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Frenchtown Loses an Elder Statesman

Nov. 26, 2008 — If you wanted something done in Frenchtown, Louis "Quish" Greaux would be there almost before you completed your thought. He was doing just that last Saturday, helping prepare Thanksgiving baskets for the shut-in or elderly in the French community, his last act of sharing and kindness. Greaux, 73, died at his home later that night.
His unexpected death has left the French community in sadness and shock. A founding member of the Frenchtown Civic Organization (FTCO), which distributes the Thanksgiving baskets, Greaux thrived on his role in organization as it celebrated its annual festivities — Bastille Day, the Christmas Tree Lighting, Old Years Night or any other occasion.
Many know Greaux from his decades as partner at Island Marine Supply where, for more than 20 years, he dispensed a quiet humor along with any advice you may need. He retired in 1985 to help his sisters care for his handicapped siblings.
Others may not know Greaux by name, but will recognize him as the familiar figure walking — or actually marching — from Frenchtown to the Legislature and back at daybreak, his posture erect, his Bermuda shorts sharply creased, never too intent to pause for a brief chat or a smile en route.
One of Greaux's most satisfying moments came six years ago when the FTCO finally got official approval from the 24th Legislature to lease the old Olive-Bernier Clinic for the French Heritage Museum. (See "SENATE OKS LEASE FOR FRENCHTOWN MUSEUM.")
Lifelong friend Henry Richardson, Frenchtown Civic Organization president, shared some memories of Greaux this week.
After graduating from Sts. Peter and Paul Catholic School, Greaux soon became involved in community issues, joining a group of Frenchtown elders, he and his friends formed the FTCO in the mid-1950s to solve community problems, instead of only discussing them in the bars or "by de fence."
Thirty years ago, Greaux married Claudia Fernandez of Santo Domingo, and adopted her son Christian as his own. Caring for his family was a priority.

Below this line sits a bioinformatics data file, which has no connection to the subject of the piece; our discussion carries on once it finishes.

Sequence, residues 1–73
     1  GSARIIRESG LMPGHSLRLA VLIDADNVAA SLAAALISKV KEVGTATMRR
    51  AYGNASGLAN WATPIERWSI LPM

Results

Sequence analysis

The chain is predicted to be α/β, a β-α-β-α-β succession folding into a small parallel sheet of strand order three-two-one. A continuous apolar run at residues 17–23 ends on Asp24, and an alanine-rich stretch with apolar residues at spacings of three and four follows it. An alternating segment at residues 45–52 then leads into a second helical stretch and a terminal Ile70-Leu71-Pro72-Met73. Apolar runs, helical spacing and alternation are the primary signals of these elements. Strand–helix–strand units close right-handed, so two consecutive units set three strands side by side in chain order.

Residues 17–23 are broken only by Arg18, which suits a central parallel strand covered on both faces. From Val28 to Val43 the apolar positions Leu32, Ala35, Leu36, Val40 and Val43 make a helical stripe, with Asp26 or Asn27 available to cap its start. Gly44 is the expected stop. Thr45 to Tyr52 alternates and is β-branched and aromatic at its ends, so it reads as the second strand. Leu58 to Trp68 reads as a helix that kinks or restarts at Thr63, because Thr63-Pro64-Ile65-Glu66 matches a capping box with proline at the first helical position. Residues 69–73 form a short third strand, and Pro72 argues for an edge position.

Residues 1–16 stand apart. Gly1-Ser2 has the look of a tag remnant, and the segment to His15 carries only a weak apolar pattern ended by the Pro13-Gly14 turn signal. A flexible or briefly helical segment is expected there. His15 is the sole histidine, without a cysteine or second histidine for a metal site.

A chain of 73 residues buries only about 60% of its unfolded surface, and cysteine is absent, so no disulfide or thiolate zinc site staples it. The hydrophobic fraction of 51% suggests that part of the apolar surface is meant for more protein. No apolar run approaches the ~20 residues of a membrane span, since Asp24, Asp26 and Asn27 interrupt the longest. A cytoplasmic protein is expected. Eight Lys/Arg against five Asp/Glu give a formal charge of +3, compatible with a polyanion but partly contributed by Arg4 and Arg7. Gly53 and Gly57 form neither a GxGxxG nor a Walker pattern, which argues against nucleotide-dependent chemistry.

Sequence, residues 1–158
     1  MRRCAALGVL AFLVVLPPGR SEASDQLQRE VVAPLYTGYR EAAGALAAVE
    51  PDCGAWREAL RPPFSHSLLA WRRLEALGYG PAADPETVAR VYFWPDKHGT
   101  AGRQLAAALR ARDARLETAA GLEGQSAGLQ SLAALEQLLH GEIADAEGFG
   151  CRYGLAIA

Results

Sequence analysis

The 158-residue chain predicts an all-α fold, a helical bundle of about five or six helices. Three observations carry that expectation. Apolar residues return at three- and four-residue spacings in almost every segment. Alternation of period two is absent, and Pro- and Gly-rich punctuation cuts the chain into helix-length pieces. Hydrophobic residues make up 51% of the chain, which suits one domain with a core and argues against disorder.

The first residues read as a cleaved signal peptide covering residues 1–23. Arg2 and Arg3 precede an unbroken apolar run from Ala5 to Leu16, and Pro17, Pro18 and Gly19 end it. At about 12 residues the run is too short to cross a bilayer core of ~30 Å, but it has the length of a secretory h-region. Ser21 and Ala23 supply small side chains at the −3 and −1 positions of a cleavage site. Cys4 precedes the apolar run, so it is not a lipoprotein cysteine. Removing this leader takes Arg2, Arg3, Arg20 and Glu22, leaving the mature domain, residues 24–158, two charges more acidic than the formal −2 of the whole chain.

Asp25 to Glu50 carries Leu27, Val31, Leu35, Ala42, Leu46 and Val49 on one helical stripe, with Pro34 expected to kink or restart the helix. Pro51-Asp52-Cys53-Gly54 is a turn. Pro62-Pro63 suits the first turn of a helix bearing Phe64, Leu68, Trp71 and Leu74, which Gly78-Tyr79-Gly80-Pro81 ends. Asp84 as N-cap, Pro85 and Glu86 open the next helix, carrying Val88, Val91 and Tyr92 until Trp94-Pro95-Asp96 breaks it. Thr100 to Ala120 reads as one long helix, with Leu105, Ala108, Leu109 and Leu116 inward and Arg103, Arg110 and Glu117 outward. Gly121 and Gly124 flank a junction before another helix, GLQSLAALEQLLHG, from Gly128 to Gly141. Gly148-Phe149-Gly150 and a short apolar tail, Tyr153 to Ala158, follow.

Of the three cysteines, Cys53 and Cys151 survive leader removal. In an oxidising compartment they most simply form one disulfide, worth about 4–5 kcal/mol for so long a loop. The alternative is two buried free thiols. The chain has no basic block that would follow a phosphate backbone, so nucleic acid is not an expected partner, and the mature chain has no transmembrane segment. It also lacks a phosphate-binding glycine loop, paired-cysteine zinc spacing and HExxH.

Greaux helped raise funds for the Frenchtown Community Center, and could be seen cleaning up after any event there, from bingo to gala affairs.
He was a stalwart member of St. Anne's Chapel, where he started as an alter server, usher and choir member, with a voice, Richardson says, "that shook the choir loft like an earthquake." Not limited to the church, Greaux would happily sound out when the spirit moved, at the Jack Shop or the Bar Normandie, especially over the holidays.
Greaux was an active voice in political campaigns, always at the polls for his candidates. In fact, last election day the entire Greaux family was first in line at the polling station.
"To say that Louie will be missed is an understatement," Richardson said. "As the community rallies together to help the Greaux family during their time of grief, we ponder how in this world will we begin to fill the tremendous void left by a man who was never too busy, never too tired and never absent."
Richardson concluded his remarks with humor characteristic of Greaux: "I know Louie must be in heaven. If he's not there, there's no hope for Pete (Ledee) and me."
Services will take place Friday, with the first viewing from 8 to 8:45 a.m. at Davis Funeral Home. The second viewing will take place at 9:15 a.m. at St. Anne's Chapel, with services following at 10 a.m. Burial will be in Western Cemetery No. 1.
Greaux is survived by his wife, Claudia Greaux; son, Christian Louis Greaux; grandchild Frandial Yanell; adopted granddaughter, Rubiely Yanell; brothers, Julian Greaux, Andre Greaux and Edward Greaux; sisters, Julianna Greaux, Henrietta Greaux and Elizabeth Greaux; many nieces and nephews; relatives and the Frenchtown community.
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